Research point. Look at artists using positive and negative space

In this research point I have attempted to get to grips with the Harvard Referencing System!

Fig 1. Black Flower 3. 2014

In Gary Hume’s work he simplifies the image down to a few colours and shapes. In Black Flower 3, I like the way the lilac background becomes the outline of the petals and the use of a complementary colour to balance the image.

Fig. 2. Blotter. 1992

Peter Doig is one of my favourite painters and he uses positive and negative space to create unusual, eerie, images. In Blotter, 1992, Walker Art Gallery, the single figure is dwarfed by the background, outlined by a bank of snow where the shapes of the forest trees create shimmering reflections on top of the ice.

Fig. 3. Chair Fire Landscape. (2003)

Bjorn Hegardt creates odd, surreal, images where shadows take on a life of their own. In Chair Fire Landscape  (2003) a monochrome ballpoint pen  drawing of two armchairs is disrupted with the shadow of one chair shown as a red and yellow fire. In Vitamin D. New Perspectives in Drawing,  Lars Bang Larsen, discussing Hegardt’s work, states: ‘Shadows are as active and substantial as the thing that casts them.’ (Dexter. 2005. p138). Even without the fiery shadow the spaces between and under the chairs are interesting.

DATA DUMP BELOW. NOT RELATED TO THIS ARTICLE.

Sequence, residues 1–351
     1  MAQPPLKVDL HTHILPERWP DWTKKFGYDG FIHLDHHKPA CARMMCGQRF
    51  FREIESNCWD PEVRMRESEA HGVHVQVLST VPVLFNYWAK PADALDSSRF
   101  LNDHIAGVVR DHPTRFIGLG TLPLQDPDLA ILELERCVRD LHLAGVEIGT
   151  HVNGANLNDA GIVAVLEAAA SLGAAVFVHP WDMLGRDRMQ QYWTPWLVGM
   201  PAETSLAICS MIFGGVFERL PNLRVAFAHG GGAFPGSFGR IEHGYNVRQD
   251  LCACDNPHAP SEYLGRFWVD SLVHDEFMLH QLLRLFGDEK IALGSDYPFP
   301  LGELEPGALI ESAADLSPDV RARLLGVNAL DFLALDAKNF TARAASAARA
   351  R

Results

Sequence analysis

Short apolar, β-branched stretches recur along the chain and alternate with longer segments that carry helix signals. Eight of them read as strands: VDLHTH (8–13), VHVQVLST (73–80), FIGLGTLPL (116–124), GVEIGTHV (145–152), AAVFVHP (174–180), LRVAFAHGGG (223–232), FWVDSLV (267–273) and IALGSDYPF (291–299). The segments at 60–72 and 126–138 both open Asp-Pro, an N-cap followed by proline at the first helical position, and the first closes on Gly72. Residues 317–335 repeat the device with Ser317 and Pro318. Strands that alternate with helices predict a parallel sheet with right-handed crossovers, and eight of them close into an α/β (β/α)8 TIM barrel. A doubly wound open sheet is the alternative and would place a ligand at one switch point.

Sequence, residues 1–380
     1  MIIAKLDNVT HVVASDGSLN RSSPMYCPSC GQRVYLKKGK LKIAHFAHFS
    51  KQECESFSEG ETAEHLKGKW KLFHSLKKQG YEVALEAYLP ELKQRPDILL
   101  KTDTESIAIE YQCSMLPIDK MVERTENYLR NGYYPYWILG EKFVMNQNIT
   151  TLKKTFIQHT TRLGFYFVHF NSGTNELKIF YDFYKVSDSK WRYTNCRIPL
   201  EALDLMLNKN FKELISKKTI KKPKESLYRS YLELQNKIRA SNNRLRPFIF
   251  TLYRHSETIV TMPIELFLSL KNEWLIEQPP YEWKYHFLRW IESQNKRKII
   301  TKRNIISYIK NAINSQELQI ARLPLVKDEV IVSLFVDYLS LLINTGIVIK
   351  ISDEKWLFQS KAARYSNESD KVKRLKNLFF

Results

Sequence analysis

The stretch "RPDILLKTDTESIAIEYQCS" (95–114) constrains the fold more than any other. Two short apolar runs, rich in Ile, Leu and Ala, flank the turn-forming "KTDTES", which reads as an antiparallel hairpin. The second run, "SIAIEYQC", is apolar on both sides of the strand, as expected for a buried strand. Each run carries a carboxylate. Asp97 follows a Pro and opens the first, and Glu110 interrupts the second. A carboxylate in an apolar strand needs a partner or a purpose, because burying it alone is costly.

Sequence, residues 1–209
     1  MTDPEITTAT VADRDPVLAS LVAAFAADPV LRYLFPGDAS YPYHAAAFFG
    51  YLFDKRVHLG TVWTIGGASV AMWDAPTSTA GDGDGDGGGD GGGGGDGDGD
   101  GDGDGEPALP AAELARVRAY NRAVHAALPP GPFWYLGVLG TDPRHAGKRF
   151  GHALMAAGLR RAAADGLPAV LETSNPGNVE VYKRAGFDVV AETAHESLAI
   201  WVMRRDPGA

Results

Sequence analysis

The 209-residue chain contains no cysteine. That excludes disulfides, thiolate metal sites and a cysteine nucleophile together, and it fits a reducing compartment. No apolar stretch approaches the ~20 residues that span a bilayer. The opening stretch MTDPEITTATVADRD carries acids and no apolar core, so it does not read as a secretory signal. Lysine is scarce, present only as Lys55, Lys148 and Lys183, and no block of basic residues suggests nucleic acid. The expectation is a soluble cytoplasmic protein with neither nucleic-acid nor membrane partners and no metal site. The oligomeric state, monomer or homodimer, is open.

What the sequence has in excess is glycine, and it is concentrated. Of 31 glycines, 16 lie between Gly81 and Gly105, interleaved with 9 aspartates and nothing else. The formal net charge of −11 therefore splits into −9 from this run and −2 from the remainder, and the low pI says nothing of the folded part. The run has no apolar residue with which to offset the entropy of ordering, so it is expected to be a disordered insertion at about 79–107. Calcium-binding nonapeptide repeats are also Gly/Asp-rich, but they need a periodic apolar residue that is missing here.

Fig. 4. Everything that stands will be at odds with its neighbor, and everything that falls will perish without grace. (2003)

Robyn O’Neil’s drawings are epic pencil drawings of snowy landscapes with small figures and sometimes small or large animals. The images are beautiful and mysterious and the blacks and greys of the trees, people, mountains and sky are in stark relief to the snowy landscape and clouds. I would love to see her work in a gallery as a reproduction definitely can’t capture the full force of the image.

Fig. 1. Hume G. (2014) Black Flower 3. gloss paint on aluminium. At: (Accessed 2nd Feb. 2017)

Fig 2. Doig. P. (1993) Blotter. Oil on Canvas. At: www. (Accessed 2nd Feb. 2017)

Fig 3. Hegardt. B. (2003) collage, felt tip pen and ballpoint pen on paper. In: Dexter, E., (2005), Vitamin D. New Perspectives in Drawing. Fig 1. p138. London.  Phaidon.

Fig. 4. O’Neil. R. (2003) pencil on paper, three panels, each 13 x 8 feet. In: Dexter, E., (2005), Vitamin D. New Perspectives in Drawing. Fig 1. p236-237. London.  Phaidon.

Dexter, E., (2005), Vitamin D. New Perspectives in Drawing. London.  Phaidon.


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